The Lion King (video game)

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The Lion King
The Lion King Coverart.png
Cover art for the Sega Genesis version
Developer(s) Westwood Studios
Publisher(s) Virgin Interactive[a]
Distributor(s) Walt Disney Computer Software
Director(s) Louis Castle
Producer(s) Louis Castle
Patrick Gilmore
Paul Curasi
Designer(s) Seth Mendelsohn
Programmer(s) Rob Povey
Barry Green
Artist(s) John Fiorito
Alex Schaeffer
Christina Vann
Ann-Bettina Colace
Composer(s) Genesis
Matt Furniss
Amiga & PC
Allister Brimble
Frank Klepacki
Dwight Okahara
Patrick Collins
Platform(s) Sega Genesis, Super NES, NES, Game Boy, PC, Amiga, Game Gear, Sega Master System
Release date(s) Super Nintendo, Sega Genesis
  • NA December 8, 1994
  • PAL December 8, 1994
Commodore Amiga Nintendo Entertainment System
  • EU May 25, 1995
Sega Master System Sega Game Gear Nintendo Game Boy
  • EU December 8, 1994
  • NA April 1995
Genre(s) Platform game
Mode(s) Single player

The Lion King is a platformer video game based on Disney's popular animated film of the same name. The title was developed by Westwood Studios and published by Virgin Interactive for the Super Nintendo Entertainment System and Sega Genesis/Mega Drive in 1994, and was also ported to the Nintendo Entertainment System, Game Boy, PC, Amiga, Master System, and Game Gear. The NES and Master System and Amiga versions of the game were never released in North America. The Lion King was the final game released for the NES in Europe. The game follows Simba's journey from a young care-free cub to the battle with his evil uncle Scar as an adult.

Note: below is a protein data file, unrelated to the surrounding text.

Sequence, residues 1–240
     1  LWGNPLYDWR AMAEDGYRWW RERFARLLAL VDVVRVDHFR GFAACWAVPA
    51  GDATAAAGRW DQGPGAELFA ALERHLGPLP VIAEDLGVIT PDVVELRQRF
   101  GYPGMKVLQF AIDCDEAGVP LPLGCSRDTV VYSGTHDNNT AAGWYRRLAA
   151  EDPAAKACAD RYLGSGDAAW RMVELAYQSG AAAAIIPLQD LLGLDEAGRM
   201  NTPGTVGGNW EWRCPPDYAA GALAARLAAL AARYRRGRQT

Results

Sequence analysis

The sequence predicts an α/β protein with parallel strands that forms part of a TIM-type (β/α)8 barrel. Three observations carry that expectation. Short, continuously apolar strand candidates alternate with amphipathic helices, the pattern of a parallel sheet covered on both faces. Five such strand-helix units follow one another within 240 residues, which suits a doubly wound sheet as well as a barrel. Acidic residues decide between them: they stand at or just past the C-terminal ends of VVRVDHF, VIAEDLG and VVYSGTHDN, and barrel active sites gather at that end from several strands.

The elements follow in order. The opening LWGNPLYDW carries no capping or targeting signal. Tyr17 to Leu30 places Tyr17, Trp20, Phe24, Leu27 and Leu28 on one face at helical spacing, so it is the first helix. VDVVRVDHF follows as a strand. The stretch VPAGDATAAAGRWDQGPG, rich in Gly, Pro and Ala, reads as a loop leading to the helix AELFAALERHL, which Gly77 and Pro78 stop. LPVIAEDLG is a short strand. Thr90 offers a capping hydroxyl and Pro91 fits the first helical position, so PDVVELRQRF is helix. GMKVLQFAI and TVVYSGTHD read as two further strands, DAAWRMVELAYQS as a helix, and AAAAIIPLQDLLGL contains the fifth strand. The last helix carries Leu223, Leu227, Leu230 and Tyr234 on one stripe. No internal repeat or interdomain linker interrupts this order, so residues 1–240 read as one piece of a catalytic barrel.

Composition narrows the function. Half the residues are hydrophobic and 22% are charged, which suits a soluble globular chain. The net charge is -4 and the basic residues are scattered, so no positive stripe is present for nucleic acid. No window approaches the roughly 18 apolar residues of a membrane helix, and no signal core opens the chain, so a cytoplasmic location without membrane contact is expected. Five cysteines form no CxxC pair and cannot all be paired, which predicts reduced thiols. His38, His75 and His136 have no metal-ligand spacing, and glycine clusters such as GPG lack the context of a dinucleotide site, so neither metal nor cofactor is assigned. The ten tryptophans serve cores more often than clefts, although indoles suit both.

The Lion King is a side-scrolling platform game in which players control the protagonist, Simba, through the events of the film, going through both child and adult forms as the game progresses. In the first half of the game, players control Simba as a child, who primarily defeats enemies by jumping on them. Simba also has the ability to roar, using up a replenishable meter, which can be used to stun enemies, make them vulnerable, or solve puzzles. Midway through the game, players play through a unique stampede level in which they must avoid wildebeest and rocks. In the second half of the game, Simba becomes an adult and gains access to various combat moves such as scratching, mauling, and throws. In either form, Simba will lose a life if he runs out of health or encounters an instant-death obstacle, such as a bottomless pit or a rolling boulder.

Throughout the game, the player can collect various types of bugs to help them through the game. Some bugs restore Simba's health and roar meters, while other more rare bugs can increase these meters for the remainder of the game, but black spiders will cause Simba to lose health. By finding certain bugs hidden in certain levels, the player can participate in bonus levels in which they player as either Timon or Pumbaa to earn extra lives and continues. Pumbaa's stages has him collect falling bugs and items until one hits the bottom of the screen, while Timon's stages has him hunt for bugs within a time limit while avoiding spiders.


The sprites and backgrounds were drawn by Disney animators themselves at Walt Disney Feature Animation, and the music was adapted from songs and orchestrations in the soundtrack. In a "Devs Play" session with Double Fine, game designer Louis Castle revealed that two of the game's levels, Hakuna Matata and Be Prepared, were adapted from scenes that were scrapped from the final movie.[1]